The philosophies of Kant and his German Idealist successors address a number of questions in the philosophy of religion, and also presuppose a religious background when addressing questions of general metaphysics, epistemology, and ethics. In this course, we explore the relevant religious context—both in works of Erasmus and Luther and also in the writings of the kabbalists of Safed, Christian kabbalah, and Jakob Boehme. We then read major works by Kant, Hegel, and Schelling against that background. Other authors include Conway, Herrera, Jacobi, Kierkegaard, Lessing, Mendelssohn, and Rosenzweig. Issues considered include freedom of the will and determinism, pantheism and panentheism, infinity and finitude, knowledge and faith, love and law, antinomianism, love of God and love of neighbor. Some prior study of Kant and German Idealism is recommended.
W 9:25am-11:15am

JDST 657b / ANTH 514b / ARCG 515b / CLSS 878b / CPLT 671b / HIST 515b / NELC 570b / RLST 672b, Corrupting Seas: Premodern Maritime Ecologies (Archaia Seminar)Noel Lenski and Hussein Fancy

Uses the theoretical framework of "corrupting seas" developed by Horden and Purcell as a hermeneutic to investigate the cultural, economic, political, and religious environments of the archaic, ancient and medieval Mediterranean, and similar maritime ecologies.  Landscape and natural ecologies play an important but not exclusive role in mapping how diversity and connectivity combined to constitute complex and dynamic environments in the Mediterranean, Indian Ocean, Caribbean, and South China Sea. The course is connected with Archaia's Ancient Societies Workshop, which runs its own series of events through the academic year. Students must attend the ASW events in the spring (fall events are optional).
W 1:30pm-3:20pm

JDST 677a / CPLT 574a, Marxist Theory of LiteratureHannan Hever

Marxist thought has played a major role in the understanding of literary institutions, as well as literary texts. Within Marxist thought, literature always had a unique function in the processes of ideology, class struggles, and the constitution of the subject; material Marxism, cultural Marxism, European Marxism, and neo-Marxism all studied the work of literature as an institution and as both reflection and construction of reality, and of its perception. The aim of this seminar is to acquaint ourselves with Marxist theories of literature in the twentieth century. We start with the very basics of Marxism, focusing especially on the theory of ideology. We then study Lukács’s theory of literature as the basis of the development of Marxist literary theory, followed by the literary theories developed by the Frankfurt School, the materialistic school of Louis Althusser, Antonio Gramsci, E.P. Thompson, Raymond Williams, Stuart Hall, Terry Eagleton, Catherine Belsey, Fredric Jameson, and others. Open to undergraduates. All texts are in English, and no previous knowledge is required.
W 3:30pm-5:20pm

JDST 761a / HIST 596a / MDVL 596a / RLST 773a, Jewish History and Thought to Early Modern TimesIvan Marcus

A broad introduction to the history of the Jews from biblical beginnings until the European Reformation and the Ottoman Empire. Focus on the formative period of classical rabbinic Judaism and on the symbiotic relationships among Jews, Christians, and Muslims. Jewish society and culture in its biblical, rabbinic, and medieval settings.
TTh 11:35am-12:50pm

JDST 764b / HIST 590b / MDVL 590b / RLST 777b, Jews in Muslim Lands from the Seventh through the Sixteenth CenturyIvan Marcus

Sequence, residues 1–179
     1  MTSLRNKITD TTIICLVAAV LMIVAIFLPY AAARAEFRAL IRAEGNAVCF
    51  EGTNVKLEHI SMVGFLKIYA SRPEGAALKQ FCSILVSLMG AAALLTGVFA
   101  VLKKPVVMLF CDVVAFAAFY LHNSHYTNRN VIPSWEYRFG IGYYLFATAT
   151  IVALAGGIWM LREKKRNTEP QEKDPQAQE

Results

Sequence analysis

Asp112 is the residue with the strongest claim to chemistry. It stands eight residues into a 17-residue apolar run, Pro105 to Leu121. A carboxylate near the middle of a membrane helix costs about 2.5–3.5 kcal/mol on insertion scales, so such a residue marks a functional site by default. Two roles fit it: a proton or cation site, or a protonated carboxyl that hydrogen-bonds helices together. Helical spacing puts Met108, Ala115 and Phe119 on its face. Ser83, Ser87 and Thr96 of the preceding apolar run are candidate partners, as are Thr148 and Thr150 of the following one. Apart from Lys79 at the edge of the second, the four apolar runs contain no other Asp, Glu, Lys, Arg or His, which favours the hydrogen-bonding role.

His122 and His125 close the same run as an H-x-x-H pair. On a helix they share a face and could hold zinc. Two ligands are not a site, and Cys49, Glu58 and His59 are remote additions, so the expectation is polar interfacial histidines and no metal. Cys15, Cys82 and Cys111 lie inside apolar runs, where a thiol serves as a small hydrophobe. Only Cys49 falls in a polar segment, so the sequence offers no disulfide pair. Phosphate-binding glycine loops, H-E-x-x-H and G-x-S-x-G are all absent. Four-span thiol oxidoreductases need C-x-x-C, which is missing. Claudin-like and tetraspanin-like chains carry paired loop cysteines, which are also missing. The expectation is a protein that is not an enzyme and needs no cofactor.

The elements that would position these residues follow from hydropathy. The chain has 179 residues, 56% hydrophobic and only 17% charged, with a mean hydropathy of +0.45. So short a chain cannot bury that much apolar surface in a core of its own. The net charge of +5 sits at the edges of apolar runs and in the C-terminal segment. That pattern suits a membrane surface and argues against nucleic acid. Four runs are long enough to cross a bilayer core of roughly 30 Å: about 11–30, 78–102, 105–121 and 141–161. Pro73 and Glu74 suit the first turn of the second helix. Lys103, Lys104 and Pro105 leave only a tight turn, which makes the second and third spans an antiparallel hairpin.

Introduction to Jewish culture and society in Muslim lands from the Prophet Muhammad to Suleiman the Magnificent. Topics include Islam and Judaism; Jerusalem as a holy site; rabbinic leadership and literature in Baghdad; Jewish courtiers, poets, and philosophers in Muslim Spain; and the Jews in the Ottoman Empire.
TTh 11:35am-12:50pm

JDST 799b / AMST 692b / HSAR 730b / RLST 788b, Religion and the Performance of SpaceSally Promey and Margaret Olin

This interdisciplinary seminar explores categories, interpretations, and strategic articulations of space in a range of religious traditions. In conversation with the work of major theorists of space, this seminar examines spatial practices of religion in the United States during the modern era, including the conception, construction, and enactment of religious spaces. It is structured around theoretical issues, including historical deployments of secularity as a framing mechanism, ideas about space and place, geography and gender, and relations between property and spirituality. Examples of case studies treated in class include the enactment of rituals within museums, the marking of religious boundaries such as the Jewish “eruv,” and the assignment of “spiritual” ownership in Hawai‘i Volcanoes National Park. Prerequisite: permission of the instructors; qualified undergraduates are welcome.
Th 1:30pm-3:20pm

JDST 806b / HIST 603b / MDVL 603b / RLST 616b, Jews and Christians in the Formation of Europe, 500–1500Ivan Marcus

This seminar explores how medieval Jews and Christians interacted as religious societies between 500 and 1500.
T 1:30pm-3:20pm

JDST 835b / HEBR 519b, Israel in Ideology and PracticeDina Roginsky

An advanced Hebrew class that focuses on changing ideology and politics in Israel. Topics include right- and left-wing political discourse, elections, state-religion dynamics, the Jewish-Arab divide, and demographic changes. Materials include newspapers, publications, online resources, speeches of different political and religious groups, and contemporary and archival footage. Also, this course draws comparisons to American political and ideological discourse. Prerequisite: HEBR 502 or equivalent.
TTh 11:35am-12:50pm

JDST 844a / HIST 595a / RLST 692a, Introduction to Modern European Jewish HistoryDavid Sorkin

This course introduces students to European Jewish history since approximately 1648. It teaches the major historiographical traditions as well as the major themes of European Jewish history. Its audience is students specializing in Jewish history but also other historians who wish to add an understanding of Jewish history to their understanding of Europe.
Th 1:30pm-3:20pm